For most airline passengers, “duty-free” will conjure images of two things: airport emporia filled with spirits, tobacco and giant-size Toblerone bars, or the in-flight catalogue offering an additional selection of gifts, toys and travel goods. In reality, most departure lounges will offer a much wider range of duty-free retailers, while cities such as Tokyo and London are happy to sell goods to visitors tax-free outside the airport. Yet ultimately, the aircraft has never been seen as the new frontier for retail therapy.
However, two coinciding trends mean that all this could be set to change. On the one hand, we have the massive growth of online shopping, as Amazon and others become the main beneficiaries of holiday spending sprees. On the other, we have an airline industry that can begin to offer passengers truly unlimited, high-speed in-flight internet access.
The days of being completely cut off while in-flight are long-gone. By 1990, making an in-flight phone call was a common occurrence, while since then we have seen the addition of email and simple web browsing. In recent years, the launch of high-capacity communications satellites and more integrated networks has led to true broadband on flights; airlines such as JetBlue are confident enough to partner with content providers, such as Amazon Prime, because they know their in-flight Wi-Fi can handle video streaming. As the number of high-capacity Ka-band satellites in orbit increases, airlines can offer around-the world connectivity, whether flying London-to-Paris or London-to-Perth.
This, in turn, means that passengers will have access to the same high-quality broadband experience they have at home, and will want to take advantage of the same services. Retail is one obvious area that can benefit from this. A captive audience, with few other distractions for hours at a time, could be a huge benefit for the online retailer that can draw their attention. At the same time, high-speed in-flight broadband means none of the lost connections that can so mar an online shopping experience; as anyone who has tried to get through to an online retailer on Black Friday will testify.
Fitting the audience
There are ways online retail can evolve to best suit the in-flight market. First, there is price: If passengers have access to duty-free goods as soon as they enter the departure lounge, why can’t they have those same options in the air? By setting up specific duty-free sites, available only to passengers in transit, online retailers can attract a captive audience to browse and, ideally, spend.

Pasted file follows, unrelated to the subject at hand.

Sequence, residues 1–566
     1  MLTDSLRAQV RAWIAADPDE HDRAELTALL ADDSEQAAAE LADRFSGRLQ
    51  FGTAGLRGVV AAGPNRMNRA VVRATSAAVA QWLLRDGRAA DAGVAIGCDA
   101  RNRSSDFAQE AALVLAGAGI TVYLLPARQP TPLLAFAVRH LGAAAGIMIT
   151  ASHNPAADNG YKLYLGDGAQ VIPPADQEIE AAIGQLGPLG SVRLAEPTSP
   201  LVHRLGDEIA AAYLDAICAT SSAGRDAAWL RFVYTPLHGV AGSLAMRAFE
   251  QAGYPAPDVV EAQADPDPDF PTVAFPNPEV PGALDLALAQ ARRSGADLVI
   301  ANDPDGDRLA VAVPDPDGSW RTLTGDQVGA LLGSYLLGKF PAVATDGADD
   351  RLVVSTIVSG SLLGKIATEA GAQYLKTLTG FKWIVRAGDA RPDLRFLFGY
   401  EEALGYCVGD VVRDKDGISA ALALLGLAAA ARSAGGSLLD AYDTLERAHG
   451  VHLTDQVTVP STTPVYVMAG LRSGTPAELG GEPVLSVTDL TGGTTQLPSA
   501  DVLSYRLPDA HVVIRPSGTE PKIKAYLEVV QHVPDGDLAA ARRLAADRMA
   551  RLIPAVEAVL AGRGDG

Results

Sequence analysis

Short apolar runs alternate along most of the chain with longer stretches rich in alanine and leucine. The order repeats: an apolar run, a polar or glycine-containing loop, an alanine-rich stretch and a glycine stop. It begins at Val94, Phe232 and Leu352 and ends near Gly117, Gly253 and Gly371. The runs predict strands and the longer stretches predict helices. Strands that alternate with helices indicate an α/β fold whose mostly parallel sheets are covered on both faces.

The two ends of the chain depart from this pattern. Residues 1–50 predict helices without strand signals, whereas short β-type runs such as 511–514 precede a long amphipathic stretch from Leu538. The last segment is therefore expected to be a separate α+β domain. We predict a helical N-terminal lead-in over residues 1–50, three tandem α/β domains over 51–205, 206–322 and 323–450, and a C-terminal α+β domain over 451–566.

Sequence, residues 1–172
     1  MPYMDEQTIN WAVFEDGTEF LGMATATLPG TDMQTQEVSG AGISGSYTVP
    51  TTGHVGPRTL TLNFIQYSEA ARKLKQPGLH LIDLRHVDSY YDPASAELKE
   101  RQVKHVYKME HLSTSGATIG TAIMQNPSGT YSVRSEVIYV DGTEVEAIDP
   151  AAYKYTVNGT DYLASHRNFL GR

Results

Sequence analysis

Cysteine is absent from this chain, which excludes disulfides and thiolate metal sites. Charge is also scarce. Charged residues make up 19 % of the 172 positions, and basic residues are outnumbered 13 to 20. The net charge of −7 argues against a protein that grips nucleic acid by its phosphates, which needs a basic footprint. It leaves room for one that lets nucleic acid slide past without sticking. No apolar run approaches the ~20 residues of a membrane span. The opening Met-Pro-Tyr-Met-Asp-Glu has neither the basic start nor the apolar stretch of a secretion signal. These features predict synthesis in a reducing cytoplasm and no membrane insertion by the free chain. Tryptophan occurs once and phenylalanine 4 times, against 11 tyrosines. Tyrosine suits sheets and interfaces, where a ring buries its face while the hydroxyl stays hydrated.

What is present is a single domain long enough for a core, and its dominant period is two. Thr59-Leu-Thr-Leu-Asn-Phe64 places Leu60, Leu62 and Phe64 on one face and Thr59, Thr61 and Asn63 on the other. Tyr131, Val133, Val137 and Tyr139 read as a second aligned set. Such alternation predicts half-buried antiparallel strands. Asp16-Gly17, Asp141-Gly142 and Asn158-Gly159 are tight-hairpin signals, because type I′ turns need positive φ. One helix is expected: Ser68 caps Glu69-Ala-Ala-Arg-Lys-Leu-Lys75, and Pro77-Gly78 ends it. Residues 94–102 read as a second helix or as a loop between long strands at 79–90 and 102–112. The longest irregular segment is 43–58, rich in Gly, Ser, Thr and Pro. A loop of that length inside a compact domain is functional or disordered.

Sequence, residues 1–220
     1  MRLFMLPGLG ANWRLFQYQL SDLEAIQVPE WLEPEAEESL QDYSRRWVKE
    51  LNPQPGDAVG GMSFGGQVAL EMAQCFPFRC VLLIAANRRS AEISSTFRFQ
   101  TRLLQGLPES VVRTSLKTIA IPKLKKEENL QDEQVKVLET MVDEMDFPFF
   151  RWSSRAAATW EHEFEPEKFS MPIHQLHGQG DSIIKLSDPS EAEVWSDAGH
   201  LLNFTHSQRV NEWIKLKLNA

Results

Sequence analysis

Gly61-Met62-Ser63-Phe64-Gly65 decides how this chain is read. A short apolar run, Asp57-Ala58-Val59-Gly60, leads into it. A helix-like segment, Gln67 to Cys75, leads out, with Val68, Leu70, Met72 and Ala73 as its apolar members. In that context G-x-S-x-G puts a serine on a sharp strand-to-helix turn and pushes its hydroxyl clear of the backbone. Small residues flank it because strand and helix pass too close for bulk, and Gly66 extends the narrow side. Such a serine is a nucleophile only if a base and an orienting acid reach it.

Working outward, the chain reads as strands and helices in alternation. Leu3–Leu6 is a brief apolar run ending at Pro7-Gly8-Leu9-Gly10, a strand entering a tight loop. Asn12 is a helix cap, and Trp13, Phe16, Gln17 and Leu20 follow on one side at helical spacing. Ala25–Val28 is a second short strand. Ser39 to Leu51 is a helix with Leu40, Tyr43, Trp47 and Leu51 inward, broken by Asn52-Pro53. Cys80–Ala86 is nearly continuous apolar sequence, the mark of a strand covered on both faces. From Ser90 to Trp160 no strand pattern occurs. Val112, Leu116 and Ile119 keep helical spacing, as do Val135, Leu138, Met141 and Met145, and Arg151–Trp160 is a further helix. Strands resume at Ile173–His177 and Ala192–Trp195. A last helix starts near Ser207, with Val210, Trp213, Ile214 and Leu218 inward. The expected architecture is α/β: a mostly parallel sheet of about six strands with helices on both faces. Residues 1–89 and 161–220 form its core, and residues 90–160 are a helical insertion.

Online shopping also provides its own benefits. While duty-free has, by necessity, been confined to small items that can be carried on and off the flight, bringing operations online means a much wider array of products can be made available and delivered to where the customer wants them, when they need them. In the future, for instance, a passenger who has forgotten specific travel items or gifts could order them to arrive at their destination; or simply take advantage of an attractive offer to order a new TV for their home. The passenger will have the same, familiar online shopping experience as they’d expect at home.
Indeed, if online retailers can partner with airlines and treat passengers as simply another region to market to, the benefits could be significant. In 2017, airlines welcomed about 4 billion passengers; the potential market size is huge. The benefit of permanent duty-free prices could make the in-flight audience as much a benefit to online retailers as Black Friday has become.
Checking the issues
This isn’t to say implementing in-flight retail will be as simple as flipping a switch. There will be issues to consider; for instance, how to prevent non-passengers from logging into in-flight sites to take advantage of bargains. Passenger details must also remain safe from hackers or other attackers. However, these are issues that the retail industry has already faced, and that best practices exist for. The greatest challenge will be ensuring that an airline can implement the service consistently: as nothing will turn customers off a potentially great offering faster than finding out it is only available on a limited number of routes, or to select passengers.
To avoid this, airlines should look at precisely how they offer broadband to their passengers. The traditional approach has been to make in-flight connectivity an optional extra, with the price tag to match. Yet for services such as in-flight retail, success hinges on attracting as many customers as possible. If airlines and retailers can secure partnerships, and potentially share revenue from online sales, airlines could find it much more profitable to offer free connectivity to all flyers. After all, charging 10 percent of passengers $20 a head for broadband access will produce a lower return than offering free broadband to 100 percent of passengers, who each generate $3 from online retail or other sources.
Modern technology means it’s possible to offer a consistent, high-quality, low-cost broadband service to all passengers on an aircraft. The industry now needs to look at how it makes the most of this opportunity; and in-flight retail may only be the beginning.
A version of this story originally appeared on Runway Girl.
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